Strange as it might seem, there is a bipartisan pitch in this election campaign. Both the Prime Minister and the Opposition Leader have projected their optimism for Australia. On Sunday afternoon, Kevin Rudd declared: “Ours is a truly great country; nobody should ever talk this country down.” Soon after, Tony Abbott stated: “Our best years are ahead of us.” He added the rider “but only if we seize our opportunities and one opportunity we must seize is the opportunity to change the government”.
That's the essential difference between government and opposition. The former wants to project optimism with a minimum of self-criticism. The latter, however, attempts to blend optimism about the future with criticism of the status quo. Oppositions have to criticise governments – otherwise there would be no need to change administrations.
Labor has been obsessed with Abbott ever since he became Liberal Party leader in December 2009. Confident leaders in democracies tend to downplay the importance of their opponents. Not in contemporary Australia. For the past four years, first Rudd, followed by Julia Gillard, followed again by Rudd, have constantly focused on Abbott. In particular, his alleged negativity.
On Monday, the AM program led with a 13-minute interview with the Prime Minister. He referred to “Mr Abbott” on 16 occasions – more than once a minute. Rudd's line was that Abbott represented “the old politics of the past … which is grounded in negativity”.
No doubt Labor's internal polling is suggesting Abbott's alleged negativity is one of his vulnerable points. The tactic may or may not work. However, the fact remains that all successful opposition leaders criticise incumbents. And it is easy for governments to pass off criticism as negativity. To accept Rudd Labor's critique of Abbott, you have to accept that all disagreement is negative. Some is. Some is not.
Negativity is best measured with respect to the past since empirical evidence exists as to outcomes. Here there is a tendency among social democrats and leftists alike to condemn Australia during the time when it has been led by the political conservatives – now the Liberal Party-Nationals Coalition.
On Sunday, Rudd said that Gough Whitlam's free tertiary education policy, introduced in 1973, ''made it possible for a kid from the Queensland country, neither of whose parents went much beyond post primary school, to go off to university”. The implication here is that, in the 1950s and '60s, only the sons and daughters of the wealthy obtained tertiary education.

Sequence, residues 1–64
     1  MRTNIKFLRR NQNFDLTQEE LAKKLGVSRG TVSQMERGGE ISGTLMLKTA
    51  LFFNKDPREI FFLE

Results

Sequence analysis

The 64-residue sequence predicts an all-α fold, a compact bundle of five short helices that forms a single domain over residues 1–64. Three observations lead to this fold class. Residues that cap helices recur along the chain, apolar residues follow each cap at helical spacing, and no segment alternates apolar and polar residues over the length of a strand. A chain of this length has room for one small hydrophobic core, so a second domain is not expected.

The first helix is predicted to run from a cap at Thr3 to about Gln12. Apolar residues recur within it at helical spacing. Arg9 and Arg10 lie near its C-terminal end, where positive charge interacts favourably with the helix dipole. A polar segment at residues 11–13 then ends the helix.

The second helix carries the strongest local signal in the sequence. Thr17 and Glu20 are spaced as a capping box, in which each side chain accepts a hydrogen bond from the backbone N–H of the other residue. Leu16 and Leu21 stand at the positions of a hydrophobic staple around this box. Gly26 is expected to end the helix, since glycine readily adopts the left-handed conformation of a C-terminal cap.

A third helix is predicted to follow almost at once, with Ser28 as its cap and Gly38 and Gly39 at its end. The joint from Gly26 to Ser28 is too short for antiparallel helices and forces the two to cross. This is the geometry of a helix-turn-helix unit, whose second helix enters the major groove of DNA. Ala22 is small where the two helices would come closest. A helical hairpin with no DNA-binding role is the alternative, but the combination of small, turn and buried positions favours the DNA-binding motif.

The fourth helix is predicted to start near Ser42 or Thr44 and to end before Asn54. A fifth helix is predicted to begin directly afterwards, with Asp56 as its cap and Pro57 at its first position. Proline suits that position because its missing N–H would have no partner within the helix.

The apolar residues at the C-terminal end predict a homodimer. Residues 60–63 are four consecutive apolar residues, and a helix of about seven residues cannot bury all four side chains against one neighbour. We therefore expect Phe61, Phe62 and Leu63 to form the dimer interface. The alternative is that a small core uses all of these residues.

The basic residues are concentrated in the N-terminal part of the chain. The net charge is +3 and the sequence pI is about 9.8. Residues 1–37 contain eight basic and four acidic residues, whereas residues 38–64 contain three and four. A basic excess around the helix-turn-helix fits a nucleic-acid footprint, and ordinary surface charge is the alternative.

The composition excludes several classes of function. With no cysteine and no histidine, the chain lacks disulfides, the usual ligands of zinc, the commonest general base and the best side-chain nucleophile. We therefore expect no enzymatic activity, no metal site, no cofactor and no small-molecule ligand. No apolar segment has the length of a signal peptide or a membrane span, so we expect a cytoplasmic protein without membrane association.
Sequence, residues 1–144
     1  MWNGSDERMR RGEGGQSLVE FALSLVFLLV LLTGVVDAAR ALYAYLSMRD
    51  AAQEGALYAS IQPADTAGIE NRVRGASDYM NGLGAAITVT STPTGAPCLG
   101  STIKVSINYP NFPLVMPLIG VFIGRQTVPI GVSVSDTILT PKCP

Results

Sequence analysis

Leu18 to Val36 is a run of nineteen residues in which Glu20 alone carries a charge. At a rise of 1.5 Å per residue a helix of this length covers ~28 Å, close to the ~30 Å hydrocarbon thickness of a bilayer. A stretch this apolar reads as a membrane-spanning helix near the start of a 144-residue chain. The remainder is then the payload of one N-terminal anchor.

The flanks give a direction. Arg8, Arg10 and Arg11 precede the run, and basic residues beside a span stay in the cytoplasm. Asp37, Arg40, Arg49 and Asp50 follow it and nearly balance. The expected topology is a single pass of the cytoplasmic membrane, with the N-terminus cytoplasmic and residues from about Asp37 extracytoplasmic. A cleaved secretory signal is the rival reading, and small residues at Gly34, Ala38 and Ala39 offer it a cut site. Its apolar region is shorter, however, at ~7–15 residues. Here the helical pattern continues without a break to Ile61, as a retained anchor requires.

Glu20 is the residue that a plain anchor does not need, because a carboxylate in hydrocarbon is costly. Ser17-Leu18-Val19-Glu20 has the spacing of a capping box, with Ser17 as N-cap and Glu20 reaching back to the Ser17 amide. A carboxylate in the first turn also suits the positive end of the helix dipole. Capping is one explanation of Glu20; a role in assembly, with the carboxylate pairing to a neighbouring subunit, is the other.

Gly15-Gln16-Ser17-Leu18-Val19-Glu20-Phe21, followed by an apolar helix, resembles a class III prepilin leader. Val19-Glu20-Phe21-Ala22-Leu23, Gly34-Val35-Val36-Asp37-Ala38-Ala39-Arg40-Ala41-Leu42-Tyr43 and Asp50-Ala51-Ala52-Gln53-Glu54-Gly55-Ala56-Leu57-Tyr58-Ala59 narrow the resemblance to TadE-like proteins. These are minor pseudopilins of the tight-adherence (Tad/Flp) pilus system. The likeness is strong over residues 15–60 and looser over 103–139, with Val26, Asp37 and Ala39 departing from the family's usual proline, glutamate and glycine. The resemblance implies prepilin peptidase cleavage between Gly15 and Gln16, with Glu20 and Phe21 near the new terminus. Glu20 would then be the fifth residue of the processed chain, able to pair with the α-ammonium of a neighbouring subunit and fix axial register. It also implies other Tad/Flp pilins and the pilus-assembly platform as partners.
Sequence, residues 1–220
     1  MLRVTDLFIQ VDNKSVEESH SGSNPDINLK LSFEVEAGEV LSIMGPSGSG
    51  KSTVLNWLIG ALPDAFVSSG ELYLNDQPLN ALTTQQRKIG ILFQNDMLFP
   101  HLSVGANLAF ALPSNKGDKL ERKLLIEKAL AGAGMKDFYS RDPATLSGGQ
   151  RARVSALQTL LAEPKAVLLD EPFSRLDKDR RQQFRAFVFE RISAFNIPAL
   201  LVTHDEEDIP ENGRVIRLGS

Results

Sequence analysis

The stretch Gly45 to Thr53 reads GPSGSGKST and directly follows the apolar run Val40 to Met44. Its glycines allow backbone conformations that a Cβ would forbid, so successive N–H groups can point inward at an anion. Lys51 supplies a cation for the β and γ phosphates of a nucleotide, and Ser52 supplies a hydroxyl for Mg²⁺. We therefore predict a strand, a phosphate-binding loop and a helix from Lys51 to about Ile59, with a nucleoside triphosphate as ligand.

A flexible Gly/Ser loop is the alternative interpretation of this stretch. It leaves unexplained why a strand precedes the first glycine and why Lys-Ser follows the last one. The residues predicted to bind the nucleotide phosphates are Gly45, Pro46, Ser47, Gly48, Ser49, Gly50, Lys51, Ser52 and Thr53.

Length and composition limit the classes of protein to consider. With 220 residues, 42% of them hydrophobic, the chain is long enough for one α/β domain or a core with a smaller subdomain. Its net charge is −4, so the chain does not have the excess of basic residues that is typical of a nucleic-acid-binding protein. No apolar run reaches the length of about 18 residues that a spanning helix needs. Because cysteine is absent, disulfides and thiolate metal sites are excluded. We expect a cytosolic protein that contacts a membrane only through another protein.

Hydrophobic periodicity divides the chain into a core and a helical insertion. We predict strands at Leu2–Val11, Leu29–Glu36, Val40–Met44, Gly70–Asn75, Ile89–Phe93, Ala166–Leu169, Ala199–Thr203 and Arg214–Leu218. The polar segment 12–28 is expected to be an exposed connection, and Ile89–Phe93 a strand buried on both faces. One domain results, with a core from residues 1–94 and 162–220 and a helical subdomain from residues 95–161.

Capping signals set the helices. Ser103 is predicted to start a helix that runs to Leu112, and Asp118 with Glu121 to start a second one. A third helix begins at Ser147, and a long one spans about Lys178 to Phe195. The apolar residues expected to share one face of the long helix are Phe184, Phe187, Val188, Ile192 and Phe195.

Not so. In 1951, the Robert Menzies-led Coalition government initiated the Commonwealth scholarship scheme, which provided free tertiary education plus a means-tested living allowance. A bright student, like Rudd, would almost certainly have benefited from the scheme. The idea that the poor were deprived of tertiary education before Whitlam is but a myth. And negative.
This was very much the theme of Whitlam: The Power & The Passion, written and directed by Paul Clarke, which aired on ABC 1 recently. Despite being advertised as the “definitive” documentary on Gough Whitlam's government, it contained numerous howlers. This is standard practice for ABC documentaries.
Clarke's narrator and his chosen left-wing commentators condemned Australia in the Menzies years as out-of-date, subservient, asleep at the wheel and so on. According to Clarke, before Whitlam, Australia was a “bogan underworld”.
The self-proclaimed definitive documentary dismissed or ignored all the changes introduced by the governments led by Menzies, Harold Holt and John Gorton, which had made Australia such a successful nation before Whitlam became prime minister. Clarke regards the successful government of Labor's Bob Hawke as less impressive than the shambles over which Whitlam presided.
Rudd himself has criticised Australia during the time of Hawke and his treasurer, Paul Keating, who, in turn, became prime minister in 1991. In his Howard's Brutopia article, which was published in the November 2006 issue of The Monthly, Rudd criticised the “free-market fundamentalism” of Howard. But this was only an extension of the Hawke-Keating economic reform agenda. A year later, Rudd declared that he was an economic conservative – just like Howard.
When Rudd wrote his Brutopia essay in 2006, Australia was a remarkably successful nation – as it remains today. It is understandable that Rudd was critical of his then opponent. But his criticism of the economic reform process of the 1980s, 1990s and early 2000s was a manifestation of negativity. If he wants us to be positive about Australia, he should not be so negative about the past.
Gerard Henderson is executive director of the Sydney Institute.